Reason to worry, none to panic
THE world is in trouble, from Wall Street to Dalal Street, from Karachi, Tokyo and Singapore to Sao Paolo and Caracas. When the malaise is so widespread, it is unlikely that anyone will go unscathed, whether you are in Timbuktoo or in Dhaka.
I have never been to Timbuktoo, so let me address the question of what all this may mean for us here in Bangladesh. First of all, let us examine the two main positions that have surfaced so far:
The optimistic view
Bangladesh is a pretty much closed economy with rather limited exposure to the world financial markets. Portfolio capital (i.e. investments in our stock market) from abroad is tiny (under 5%) so that its potential flight would pose no danger. Nor has Bangladesh invested heavily in the U.S. bond/securities market (unlike China), eliminating another serious source of worry.
Capital flight could still occur if Bangladeshis thought it would be less risky to park their money elsewhere. Under the current circumstances, keeping your money parked in Bangladesh would appear to be the wiser decision.
There are a number of other factors that are in our favour: our balance of payments is in good shape, world commodity prices especially of fuel and food have come down substantially, our domestic food economy is stable and immediate prospects for the next harvest is looking good. All together a comforting situation to be in right now.
There is nothing wrong with the above analysis at all. The main weakness, however, relates to the depth and length of the crisis and what could be happening down the line, say in one or two years. This is where we may need to shed some of our optimism.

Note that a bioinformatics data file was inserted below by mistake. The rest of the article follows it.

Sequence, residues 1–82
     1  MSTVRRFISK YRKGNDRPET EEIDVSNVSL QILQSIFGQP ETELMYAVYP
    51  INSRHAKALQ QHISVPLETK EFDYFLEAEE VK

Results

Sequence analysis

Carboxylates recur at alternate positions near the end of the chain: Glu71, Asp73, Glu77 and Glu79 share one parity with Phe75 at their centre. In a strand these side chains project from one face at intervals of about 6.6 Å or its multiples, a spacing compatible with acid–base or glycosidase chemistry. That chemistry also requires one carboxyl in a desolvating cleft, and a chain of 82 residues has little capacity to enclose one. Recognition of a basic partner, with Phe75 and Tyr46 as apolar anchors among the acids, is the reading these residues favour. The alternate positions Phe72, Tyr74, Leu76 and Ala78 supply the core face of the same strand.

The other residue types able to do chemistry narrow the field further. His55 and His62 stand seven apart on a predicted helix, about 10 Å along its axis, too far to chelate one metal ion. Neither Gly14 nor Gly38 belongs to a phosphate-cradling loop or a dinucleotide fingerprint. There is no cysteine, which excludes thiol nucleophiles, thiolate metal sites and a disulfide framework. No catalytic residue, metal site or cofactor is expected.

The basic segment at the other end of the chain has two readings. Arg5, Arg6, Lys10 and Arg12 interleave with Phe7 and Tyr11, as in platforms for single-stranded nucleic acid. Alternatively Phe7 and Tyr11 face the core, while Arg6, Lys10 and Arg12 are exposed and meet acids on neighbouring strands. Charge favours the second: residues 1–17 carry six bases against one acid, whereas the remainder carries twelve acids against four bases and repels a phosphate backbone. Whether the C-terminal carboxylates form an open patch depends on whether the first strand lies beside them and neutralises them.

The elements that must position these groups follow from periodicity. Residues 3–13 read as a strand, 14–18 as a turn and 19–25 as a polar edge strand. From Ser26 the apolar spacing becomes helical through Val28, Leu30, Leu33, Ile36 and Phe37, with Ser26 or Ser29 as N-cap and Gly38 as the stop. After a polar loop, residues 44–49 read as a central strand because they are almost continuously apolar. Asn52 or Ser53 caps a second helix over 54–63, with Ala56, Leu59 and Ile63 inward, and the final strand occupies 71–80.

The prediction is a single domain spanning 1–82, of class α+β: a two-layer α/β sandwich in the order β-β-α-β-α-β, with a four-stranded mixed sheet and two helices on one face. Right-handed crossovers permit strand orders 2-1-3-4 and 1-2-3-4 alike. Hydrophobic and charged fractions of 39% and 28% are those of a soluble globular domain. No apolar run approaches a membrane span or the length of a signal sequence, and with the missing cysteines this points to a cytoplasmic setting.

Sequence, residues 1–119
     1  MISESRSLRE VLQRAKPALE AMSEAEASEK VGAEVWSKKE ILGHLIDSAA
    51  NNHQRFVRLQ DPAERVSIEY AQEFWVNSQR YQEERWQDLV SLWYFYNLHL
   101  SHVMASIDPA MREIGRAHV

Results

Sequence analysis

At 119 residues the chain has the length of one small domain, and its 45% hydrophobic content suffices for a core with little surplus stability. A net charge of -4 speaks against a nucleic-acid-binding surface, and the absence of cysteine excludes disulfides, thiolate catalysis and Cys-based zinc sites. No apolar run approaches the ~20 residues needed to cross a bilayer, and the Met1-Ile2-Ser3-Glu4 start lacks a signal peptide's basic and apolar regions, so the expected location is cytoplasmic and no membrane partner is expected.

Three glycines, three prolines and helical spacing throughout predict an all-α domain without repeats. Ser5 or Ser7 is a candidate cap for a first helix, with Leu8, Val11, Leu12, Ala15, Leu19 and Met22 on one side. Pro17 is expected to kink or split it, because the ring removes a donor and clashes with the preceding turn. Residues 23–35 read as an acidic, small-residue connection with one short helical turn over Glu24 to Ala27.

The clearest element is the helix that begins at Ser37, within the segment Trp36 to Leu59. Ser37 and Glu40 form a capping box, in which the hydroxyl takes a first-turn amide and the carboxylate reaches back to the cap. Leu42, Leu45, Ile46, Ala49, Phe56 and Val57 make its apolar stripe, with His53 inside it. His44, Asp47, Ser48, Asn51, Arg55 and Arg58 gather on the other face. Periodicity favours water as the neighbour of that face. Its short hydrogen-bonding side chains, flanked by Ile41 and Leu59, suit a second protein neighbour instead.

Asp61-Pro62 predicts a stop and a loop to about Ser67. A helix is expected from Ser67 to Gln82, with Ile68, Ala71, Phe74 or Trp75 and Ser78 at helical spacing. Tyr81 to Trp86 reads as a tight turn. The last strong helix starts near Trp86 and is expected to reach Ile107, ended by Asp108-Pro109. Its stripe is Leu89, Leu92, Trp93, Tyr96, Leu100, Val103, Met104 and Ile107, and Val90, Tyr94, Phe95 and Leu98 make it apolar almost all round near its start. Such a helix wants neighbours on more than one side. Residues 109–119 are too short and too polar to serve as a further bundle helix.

The pessimistic view
Fortunately, our economic structure is so simple that we don't have to look far to find probable areas of concern: the garments industry and remittance flows. My own view is that on both counts we are pretty safe. Our exports are low-end products (as opposed to luxuries) and, therefore, have a low "income elasticity" (demand will fall slowly in the face of income reduction).
This segment of the garments market would be one of the last to fall -- let us pray that the recession will have been reversed before that point is reached. Similarly, the Middle East has just reaped a huge bonanza due to the unprecedented oil price hike, some of which could now usefully be used to prop up their economies in the face of a full-blown recession. Thus, remittance flows are likely to keep coming.
Concerns have been aired about the flow of foreign aid. This is, of course, a real concern and the antidote to it would be more vigorous revenue generation. We must remember, of course, that real aid flows have been in decline now for years and our dependence has had to be scaled down although it still remains significant.
The most likely impact
The real concern in my mind is that we may not now be able to move out of the 6% growth rate range to the 8% growth rate zone for years to come. This will have a strong adverse impact on all our major goals, including the MDGs and eradication of extreme poverty.
The key to growth will be FDI flows, domestic credit expansion and investments -- these will be difficult to ensure in a climate of global uncertainty. At the same time, there will be intense lobbying to get concessions from the government by the usual culprits -- who would want to lose this God-sent opportunity to make a fast buck at the expense of the public exchequer?
I would hasten to add at this point that the request to keep energy tariffs on hold is completely justified until we have a clearer picture of how this crisis unfolds. The argument that we need help to compete with other countries (India, China, Vietnam) needs to be closely evaluated. After all, our competitors are even more adversely affected, or likely to be affected, than ourselves, suggesting that our relative position may even improve.
This is, however, something that needs close monitoring with intent to intervene positively if needed. We should certainly not allow our factories to close down because of the greed of the rich in the rich world.
What should we do?
We would be well-advised to look closely at the home ground: let's make sure that the boost to agriculture is not jeopardised, let us ensure that credit flows to agriculture, industry and SMEs are sustained, let us remain guarded in our response to lobbies, and above all let us keep our cool until the storm lifts.